$8.5 Billion O’Hare Expansion Cleared for Takeoff
Get ready for lots of construction at O’Hare for the next several years.
City Council on Wednesday approved a massive $8.5 billion expansion plan that will result in modernized terminals and more gates. The vote was one of several big-ticket items on the plate at City Hall, with aldermen tackling competing proposals on police oversight.
The O’Hare proposal passed City Council with flying colors. And with the project now ready to get off the ground, the city released more details, saying it expects to create 60,000 jobs and grow the capacity at the airport to 100 million. The city on Wednesday also unveiled more mock-ups of the plan, which calls for an expansion of Terminal 2, with two satellite terminals and an underground tunnel connecting them. This will become the new international hub terminal. The current international terminal – Terminal 5 – will be expanded with more gates and it will become a domestic terminal with Delta and other airlines as primary carriers.
Emanuel and executives from United and American Airlines officially signed the agreement Wednesday afternoon. Remember, American was a holdout – they felt the deal was giving an unfair advantage to United – but then all sides made peace at a last-minute deal to speed up the opening of three new American gates. On Wednesday, it seemed like a distant memory.
“I want to express our special thanks to the mayor who listened to our concerns and worked creatively over the last 19 months to design a new airport and new agreement that would work for all people,” said American Airlines Executive Vice President Steve Johnson.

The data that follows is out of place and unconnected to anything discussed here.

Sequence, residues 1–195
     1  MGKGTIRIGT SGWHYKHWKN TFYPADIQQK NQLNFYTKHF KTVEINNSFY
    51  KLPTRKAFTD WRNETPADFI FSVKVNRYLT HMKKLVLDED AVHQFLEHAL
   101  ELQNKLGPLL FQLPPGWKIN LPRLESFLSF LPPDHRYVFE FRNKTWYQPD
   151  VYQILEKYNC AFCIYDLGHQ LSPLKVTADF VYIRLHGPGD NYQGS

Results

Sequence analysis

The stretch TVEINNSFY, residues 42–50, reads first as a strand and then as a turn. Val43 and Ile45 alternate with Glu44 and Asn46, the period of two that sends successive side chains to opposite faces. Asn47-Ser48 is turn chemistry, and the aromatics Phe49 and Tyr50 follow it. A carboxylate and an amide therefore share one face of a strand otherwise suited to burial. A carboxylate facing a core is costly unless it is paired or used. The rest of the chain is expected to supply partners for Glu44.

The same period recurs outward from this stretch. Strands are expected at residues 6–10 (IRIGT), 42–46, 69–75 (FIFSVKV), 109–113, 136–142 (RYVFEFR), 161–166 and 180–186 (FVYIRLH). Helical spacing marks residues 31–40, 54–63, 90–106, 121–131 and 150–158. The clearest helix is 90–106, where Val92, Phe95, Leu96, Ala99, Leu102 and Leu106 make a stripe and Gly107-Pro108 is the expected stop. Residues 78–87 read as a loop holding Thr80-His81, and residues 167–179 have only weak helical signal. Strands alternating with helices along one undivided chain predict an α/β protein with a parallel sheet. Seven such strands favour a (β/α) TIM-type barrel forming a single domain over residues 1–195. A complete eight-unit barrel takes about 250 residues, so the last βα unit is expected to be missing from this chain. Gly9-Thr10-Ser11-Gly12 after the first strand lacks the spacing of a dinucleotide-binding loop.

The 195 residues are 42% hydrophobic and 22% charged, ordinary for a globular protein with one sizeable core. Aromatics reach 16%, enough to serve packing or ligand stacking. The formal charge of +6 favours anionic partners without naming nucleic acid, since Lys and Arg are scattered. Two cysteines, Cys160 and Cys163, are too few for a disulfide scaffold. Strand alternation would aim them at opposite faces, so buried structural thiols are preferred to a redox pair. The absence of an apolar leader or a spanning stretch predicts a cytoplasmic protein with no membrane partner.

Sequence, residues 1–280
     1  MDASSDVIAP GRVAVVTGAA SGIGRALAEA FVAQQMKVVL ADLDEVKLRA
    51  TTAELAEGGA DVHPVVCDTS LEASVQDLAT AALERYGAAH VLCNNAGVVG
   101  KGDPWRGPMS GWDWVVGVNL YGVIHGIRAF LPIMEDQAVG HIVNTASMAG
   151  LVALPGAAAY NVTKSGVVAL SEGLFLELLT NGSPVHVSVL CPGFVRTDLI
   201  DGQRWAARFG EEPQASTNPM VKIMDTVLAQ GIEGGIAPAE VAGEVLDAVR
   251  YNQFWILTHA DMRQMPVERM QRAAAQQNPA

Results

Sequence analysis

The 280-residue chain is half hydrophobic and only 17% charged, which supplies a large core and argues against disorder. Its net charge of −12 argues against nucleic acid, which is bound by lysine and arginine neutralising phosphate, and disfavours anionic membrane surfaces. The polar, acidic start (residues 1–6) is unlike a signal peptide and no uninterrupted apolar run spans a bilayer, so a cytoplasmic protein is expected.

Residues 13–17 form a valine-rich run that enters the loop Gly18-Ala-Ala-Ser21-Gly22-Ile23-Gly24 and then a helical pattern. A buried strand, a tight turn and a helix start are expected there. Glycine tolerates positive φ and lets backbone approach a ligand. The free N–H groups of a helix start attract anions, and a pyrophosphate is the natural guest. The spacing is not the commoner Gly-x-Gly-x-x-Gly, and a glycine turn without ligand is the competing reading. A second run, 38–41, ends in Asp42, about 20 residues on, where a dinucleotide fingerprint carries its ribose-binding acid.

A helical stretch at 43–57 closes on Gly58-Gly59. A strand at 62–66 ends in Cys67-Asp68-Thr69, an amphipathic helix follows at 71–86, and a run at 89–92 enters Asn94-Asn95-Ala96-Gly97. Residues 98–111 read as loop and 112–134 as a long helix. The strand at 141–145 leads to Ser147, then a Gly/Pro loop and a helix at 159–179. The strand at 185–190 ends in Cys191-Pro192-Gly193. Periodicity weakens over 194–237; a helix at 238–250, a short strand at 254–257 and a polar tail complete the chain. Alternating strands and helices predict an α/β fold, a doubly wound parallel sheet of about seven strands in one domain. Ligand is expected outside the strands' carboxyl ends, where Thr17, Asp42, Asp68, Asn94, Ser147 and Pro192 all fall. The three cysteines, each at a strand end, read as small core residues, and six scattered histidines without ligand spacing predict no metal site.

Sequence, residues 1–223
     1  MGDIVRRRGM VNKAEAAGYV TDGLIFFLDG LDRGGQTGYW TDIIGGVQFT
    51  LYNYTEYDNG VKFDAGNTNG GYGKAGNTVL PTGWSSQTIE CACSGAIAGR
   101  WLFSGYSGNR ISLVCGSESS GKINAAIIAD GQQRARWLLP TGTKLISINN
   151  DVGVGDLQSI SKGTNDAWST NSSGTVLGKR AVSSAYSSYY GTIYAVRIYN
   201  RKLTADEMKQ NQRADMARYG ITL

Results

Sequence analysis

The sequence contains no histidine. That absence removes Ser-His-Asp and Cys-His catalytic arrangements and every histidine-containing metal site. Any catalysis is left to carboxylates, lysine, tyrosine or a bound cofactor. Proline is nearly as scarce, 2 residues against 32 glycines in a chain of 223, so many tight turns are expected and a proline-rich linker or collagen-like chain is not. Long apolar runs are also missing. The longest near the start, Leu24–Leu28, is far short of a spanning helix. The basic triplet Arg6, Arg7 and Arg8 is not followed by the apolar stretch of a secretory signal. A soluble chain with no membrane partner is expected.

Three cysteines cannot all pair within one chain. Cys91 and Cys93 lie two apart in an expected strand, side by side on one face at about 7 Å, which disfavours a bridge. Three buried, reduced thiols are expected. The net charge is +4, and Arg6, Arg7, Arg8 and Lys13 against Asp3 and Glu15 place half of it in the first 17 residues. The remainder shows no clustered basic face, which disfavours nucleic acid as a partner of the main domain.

Johnson shared the stage with public officials including Emanuel and United CEO Oscar Munoz – a top competitor.
“If there’s one thing the airlines can agree on, which isn’t often, but it’s that airports make a difference,” said Munoz. “And when you have the kind of facilities that they’re building here in Chicago, the second city will have an airport that is second to nowhere else in the world.”
The big thing on the minds of aldermen throughout this process has been that three letter word: j-o-b. Who’s getting the contracts? A new aldermanic oversight committee will have power to police whether or not minority and female-owned firms are getting their fair share of the pie.
“There’s obviously going to be plenty of jobs and work to go around, we want to make sure it’s held in a fair manner and all groups can participate,” said Ald. Mike Zalewski, chair of City Council’s Aviation Committee.
Also on Wednesday: action on a pair of police oversight issues. A coalition of community groups helped draft an ordinance for a new police oversight agency that would be made up of all non-police civilians. They would have a say in the policy of the police department, and as it stands now, the power to possibly fire the police superintendent.
“It’s not community control of the police department, that’s not what we’re looking for,” said Ald. Roderick Sawyer, a co-sponsor of the ordinance. “I want the superintendent to run the police department without any unreasonable constraints based upon community input, not community control.”
An alderman closely aligned with Emanuel introduced his own competing version that would be far more watered down, and denied that it was an attempt to circumvent Sawyer’s ordinance.
“Their version is going to be heard as well,” said Ald. Ariel Reboyras. “We’re going to try and work on it so we can try and come up with one comprehensive plan.”
This oversight body would be in addition to the Police Board and COPA, which is the agency that investigates police misconduct. Speaking of – COPA has a new leader: Sydney Roberts, a former state inspector general and current head of the Illinois Secretary of State police. There is some concern that the role should go to someone not tied to any police. But Reboyras, the alderman of the committee that stands to confirm her appointment, says she fits all the requirements.
“She was an inspector general, so she’s seen the good points and not so good points and made decisions. She understands what her role is and what she wants to do in the city of Chicago.
Roberts would take over for Sharon Fairley who stepped down to run for Illinois attorney general.
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